At the end of the draw period, the variable interest rate repayment begins. The interest rate can change each month during the repayment period, increasing or decreasing in response to national interest rates.
Teaser rates offer borrowers a discount on interest charges in the early months or years of a HELOC, after which the interest rate changes to a standard, variable rate. As a borrower, this can mean higher savings on interest payments upfront at the price of unpredictable, potentially higher payments after the teaser rate period expires.
For instance, a HELOC teaser rate might start at 6% for 1 – 2 months. Then in 6 months, it changes by 1% and the next month it’s 3% higher. That can be a big jump in your monthly payment, so be sure you plan ahead.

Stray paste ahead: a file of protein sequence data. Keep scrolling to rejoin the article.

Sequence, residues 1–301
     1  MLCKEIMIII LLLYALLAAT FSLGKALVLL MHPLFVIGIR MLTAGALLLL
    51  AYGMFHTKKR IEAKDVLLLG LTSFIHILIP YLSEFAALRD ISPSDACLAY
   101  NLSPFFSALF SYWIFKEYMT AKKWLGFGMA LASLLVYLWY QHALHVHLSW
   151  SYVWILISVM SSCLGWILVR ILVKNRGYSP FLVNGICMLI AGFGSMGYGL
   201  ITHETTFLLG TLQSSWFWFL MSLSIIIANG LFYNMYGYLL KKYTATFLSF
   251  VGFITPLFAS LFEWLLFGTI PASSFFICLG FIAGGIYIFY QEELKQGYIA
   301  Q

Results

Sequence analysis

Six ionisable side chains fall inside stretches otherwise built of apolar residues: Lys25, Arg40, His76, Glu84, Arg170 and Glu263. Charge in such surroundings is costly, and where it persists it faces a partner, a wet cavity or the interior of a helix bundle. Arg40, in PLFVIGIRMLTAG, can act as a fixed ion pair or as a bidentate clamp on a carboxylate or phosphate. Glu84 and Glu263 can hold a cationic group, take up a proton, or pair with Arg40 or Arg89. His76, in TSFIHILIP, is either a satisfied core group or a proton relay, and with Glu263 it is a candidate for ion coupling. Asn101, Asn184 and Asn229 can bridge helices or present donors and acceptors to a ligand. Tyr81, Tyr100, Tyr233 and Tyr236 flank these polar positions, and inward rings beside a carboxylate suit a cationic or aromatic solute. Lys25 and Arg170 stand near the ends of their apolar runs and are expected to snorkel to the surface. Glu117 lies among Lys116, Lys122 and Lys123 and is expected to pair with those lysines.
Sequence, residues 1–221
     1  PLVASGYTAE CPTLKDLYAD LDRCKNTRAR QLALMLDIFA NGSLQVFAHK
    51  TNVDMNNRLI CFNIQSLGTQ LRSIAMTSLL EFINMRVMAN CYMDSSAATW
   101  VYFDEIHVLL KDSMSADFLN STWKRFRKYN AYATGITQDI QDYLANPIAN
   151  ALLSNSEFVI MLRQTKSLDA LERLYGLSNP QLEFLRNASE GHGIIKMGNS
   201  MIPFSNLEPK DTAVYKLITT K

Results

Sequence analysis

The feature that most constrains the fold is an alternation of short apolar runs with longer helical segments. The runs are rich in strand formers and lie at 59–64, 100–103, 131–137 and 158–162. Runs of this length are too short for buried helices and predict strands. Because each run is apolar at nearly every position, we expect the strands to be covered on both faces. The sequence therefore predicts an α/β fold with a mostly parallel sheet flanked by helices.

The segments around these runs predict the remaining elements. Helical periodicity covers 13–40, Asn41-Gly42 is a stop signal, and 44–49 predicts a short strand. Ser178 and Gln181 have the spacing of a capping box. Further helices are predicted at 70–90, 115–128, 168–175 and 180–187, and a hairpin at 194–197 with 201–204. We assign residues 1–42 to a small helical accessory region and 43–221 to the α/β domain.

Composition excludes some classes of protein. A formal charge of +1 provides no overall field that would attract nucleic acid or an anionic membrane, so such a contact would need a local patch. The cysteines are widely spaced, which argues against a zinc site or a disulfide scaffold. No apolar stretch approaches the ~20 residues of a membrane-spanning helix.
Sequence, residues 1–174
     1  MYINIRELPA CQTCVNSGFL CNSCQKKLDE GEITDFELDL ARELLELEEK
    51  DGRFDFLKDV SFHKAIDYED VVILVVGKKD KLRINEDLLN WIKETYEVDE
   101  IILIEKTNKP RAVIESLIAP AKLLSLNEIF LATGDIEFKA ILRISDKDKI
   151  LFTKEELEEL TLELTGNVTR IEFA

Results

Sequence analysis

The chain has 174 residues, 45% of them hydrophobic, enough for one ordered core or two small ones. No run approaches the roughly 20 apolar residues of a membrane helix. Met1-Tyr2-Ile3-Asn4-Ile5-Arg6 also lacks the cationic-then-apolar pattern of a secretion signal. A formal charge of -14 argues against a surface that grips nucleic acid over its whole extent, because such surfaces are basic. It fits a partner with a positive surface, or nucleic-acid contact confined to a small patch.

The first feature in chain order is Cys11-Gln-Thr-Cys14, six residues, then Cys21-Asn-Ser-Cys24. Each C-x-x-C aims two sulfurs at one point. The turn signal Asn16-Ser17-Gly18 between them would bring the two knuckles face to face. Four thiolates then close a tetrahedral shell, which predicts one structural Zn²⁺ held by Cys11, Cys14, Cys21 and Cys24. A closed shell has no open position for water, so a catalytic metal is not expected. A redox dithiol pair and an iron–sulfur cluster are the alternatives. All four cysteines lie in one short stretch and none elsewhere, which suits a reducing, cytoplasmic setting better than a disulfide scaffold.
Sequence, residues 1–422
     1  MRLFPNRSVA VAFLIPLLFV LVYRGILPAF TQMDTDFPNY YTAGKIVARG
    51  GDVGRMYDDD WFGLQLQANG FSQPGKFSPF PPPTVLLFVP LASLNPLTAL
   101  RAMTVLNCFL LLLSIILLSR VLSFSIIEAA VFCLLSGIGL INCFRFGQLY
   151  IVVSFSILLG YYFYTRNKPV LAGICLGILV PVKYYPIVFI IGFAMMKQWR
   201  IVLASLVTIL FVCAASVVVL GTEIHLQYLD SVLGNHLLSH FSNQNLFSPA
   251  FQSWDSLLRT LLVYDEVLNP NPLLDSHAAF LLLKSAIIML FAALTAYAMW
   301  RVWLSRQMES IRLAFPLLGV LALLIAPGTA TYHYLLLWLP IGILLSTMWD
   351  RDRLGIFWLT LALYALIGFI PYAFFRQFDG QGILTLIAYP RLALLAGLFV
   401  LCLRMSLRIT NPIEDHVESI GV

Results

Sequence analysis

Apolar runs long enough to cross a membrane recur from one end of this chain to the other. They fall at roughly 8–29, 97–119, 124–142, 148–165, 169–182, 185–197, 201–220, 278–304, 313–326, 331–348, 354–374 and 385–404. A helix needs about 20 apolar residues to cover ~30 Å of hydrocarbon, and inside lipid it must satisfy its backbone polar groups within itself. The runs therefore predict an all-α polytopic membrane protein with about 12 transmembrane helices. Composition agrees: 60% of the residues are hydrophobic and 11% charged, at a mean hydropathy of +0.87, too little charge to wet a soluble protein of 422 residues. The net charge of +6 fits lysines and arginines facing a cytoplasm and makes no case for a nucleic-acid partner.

Are Mortgage Teaser Rates a Good Idea?
Depending on the situation, mortgage teaser rates can be a good idea – but only if you understand the risks and have a plan for paying off the debt.
If you plan on being in your home long term and want to make fixed mortgage payments without having to refinance, a loan with a teaser rate may not be right for you.
If you want to take advantage of low rates at the start and don’t mind refinancing or managing the change in interest rates, a teaser rate can be a money-savvy option.
Here are some more pros and cons you’ll want to consider before deciding if it’s the right choice for you.
PROS of Mortgage Teaser Rates👍
Mortgage teaser rates mean lower monthly payments early on in the loan, which helps free up extra cash. You can use that additional cash flow to your advantage by paying off other debt, building your savings or investing.